La crisi economica vista da Hollywood. I film miliardari vengono fermati. Anche Johnny Depp rimane a casa.

Pubblicato: 17 agosto 2011 in cinema
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Is Hollywood Getting Fiscally Responsible Or Losing Its Nerve? Forbes reported

News came down this weekend that Disney has halted production on its big-budget adaptation of The Lone Ranger. The film was set to star Johnny Depp as Tonto with Jerry Bruckheimer producing and Gore Verbinksi (who helmed the first three Pirate of the Caribbean movies) directing.

A beloved property, Hollywood’s biggest star and two behind-the-scenes behemoths, it seemed like a Hollywood sure thing.

But the budget on The Lone Ranger had reportedly ballooned way past the $200 million mark. That’s a lot to spend on a Western. Because the genre is so specifically American, there’s a good chance the film would struggle overseas and the international market has become more important than ever. Just look at the recent western True Grit. The film was a giant hit over here earning $170 million on an estimated budget of $38 million. But it only earned $80 million overseas, 32% of its gobal take. Compare that to the most recent Depp/Bruckheimer film, Pirates of the Caribbean: On Stranger Tides which earned 77% of its $1 billion box office overseas.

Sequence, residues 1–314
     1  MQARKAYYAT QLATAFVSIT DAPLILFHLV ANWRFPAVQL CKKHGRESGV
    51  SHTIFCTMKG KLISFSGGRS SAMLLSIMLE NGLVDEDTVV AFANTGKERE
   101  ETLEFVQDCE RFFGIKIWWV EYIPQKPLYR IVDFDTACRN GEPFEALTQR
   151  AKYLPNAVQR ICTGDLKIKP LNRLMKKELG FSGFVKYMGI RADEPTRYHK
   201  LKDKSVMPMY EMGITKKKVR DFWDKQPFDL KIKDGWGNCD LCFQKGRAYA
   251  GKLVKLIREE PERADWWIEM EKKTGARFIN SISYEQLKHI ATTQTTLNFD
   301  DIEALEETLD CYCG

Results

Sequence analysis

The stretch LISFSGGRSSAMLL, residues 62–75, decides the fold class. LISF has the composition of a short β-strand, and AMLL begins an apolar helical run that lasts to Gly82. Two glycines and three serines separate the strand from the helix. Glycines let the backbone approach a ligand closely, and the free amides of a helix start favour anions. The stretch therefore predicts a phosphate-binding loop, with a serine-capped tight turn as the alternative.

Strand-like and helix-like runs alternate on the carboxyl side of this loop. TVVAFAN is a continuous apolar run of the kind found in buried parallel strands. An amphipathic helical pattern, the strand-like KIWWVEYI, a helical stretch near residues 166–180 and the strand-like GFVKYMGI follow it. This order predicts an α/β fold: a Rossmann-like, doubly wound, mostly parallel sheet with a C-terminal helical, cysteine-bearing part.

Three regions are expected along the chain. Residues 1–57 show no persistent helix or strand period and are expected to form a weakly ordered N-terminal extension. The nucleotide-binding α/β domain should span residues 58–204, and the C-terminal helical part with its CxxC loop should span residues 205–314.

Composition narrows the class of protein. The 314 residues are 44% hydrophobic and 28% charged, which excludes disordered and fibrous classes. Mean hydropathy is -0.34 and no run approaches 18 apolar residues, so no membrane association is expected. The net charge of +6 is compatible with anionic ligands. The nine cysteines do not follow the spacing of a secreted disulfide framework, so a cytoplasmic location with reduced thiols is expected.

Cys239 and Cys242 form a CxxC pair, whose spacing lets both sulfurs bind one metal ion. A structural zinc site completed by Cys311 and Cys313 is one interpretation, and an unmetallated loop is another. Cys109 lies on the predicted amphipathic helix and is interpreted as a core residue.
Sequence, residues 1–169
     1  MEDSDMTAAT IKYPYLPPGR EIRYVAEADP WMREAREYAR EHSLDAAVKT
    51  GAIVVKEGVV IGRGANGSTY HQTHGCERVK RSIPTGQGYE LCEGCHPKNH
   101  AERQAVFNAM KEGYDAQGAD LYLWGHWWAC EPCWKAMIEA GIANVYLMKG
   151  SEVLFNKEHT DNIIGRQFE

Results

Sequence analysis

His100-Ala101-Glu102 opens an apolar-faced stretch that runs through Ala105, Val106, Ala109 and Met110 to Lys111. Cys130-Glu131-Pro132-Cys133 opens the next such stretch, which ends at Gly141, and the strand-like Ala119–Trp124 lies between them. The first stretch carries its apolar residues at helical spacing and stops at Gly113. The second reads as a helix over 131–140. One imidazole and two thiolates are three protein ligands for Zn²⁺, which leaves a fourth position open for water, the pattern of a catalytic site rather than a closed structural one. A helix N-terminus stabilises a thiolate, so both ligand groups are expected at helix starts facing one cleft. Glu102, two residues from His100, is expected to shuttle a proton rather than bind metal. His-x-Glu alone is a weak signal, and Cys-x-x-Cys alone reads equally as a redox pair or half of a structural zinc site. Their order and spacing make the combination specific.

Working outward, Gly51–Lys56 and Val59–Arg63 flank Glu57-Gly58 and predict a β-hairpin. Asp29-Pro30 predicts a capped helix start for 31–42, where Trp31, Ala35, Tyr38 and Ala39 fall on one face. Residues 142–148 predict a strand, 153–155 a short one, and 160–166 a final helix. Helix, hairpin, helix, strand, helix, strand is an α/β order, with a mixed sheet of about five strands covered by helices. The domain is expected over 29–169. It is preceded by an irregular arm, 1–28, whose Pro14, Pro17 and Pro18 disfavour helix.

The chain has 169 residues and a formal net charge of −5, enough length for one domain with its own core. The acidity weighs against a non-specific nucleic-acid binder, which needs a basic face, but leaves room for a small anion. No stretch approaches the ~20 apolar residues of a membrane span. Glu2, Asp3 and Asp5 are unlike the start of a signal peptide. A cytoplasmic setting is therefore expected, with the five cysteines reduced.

Also consider the recent performance of the western/sci-fi mashup Cowboys & Aliens. The highly-anticipated film has grossed a mere $80 million in the U.S. so far on a budget of $163 million. It has yet to open wide overseas but it’s highly unlikely it will preform will enough abroad to turn the film into a big hit.

So from a purely dollar and cents point of view, it makes sense that Disney would want to rethink The Lone Ranger and its budget. A source says the film is still high priority within the studio and that the parties are getting together to figure out the next steps. But Disney is a big public company ($63 billion market cap) with millions of shareholders who want to see the film division return healthy profits. The studio needs to consider the value of every penny it spends.

Disney isn’t the only studio that has had second thoughts about what it spends on movies. Universal recently shut down an ambition project to turn Stephen King’s The Dark Tower series into three movies and two TV series.  Last year Sony pulled back the baseball movie Moneyball over budget concerns eventually slimming it down to a $47 million project despite the presence of Brad Pitt who can easily add $20 million to a film’s budget. (The actor reportedly took a pay cut to to play the role of Oakland A’s general manager Billy Beane. The film hits theaters in September.) Like westerns, baseball movies have a limited life overseas where the sport isn’t popular so it makes sense to keep the budget on a movie like Moneyball as low as possible.

But while movie studios need to turn profits, they are not just accounting divisions of bigger companies, they are creative divisions. That means that they have to take risks.

Forbes reported


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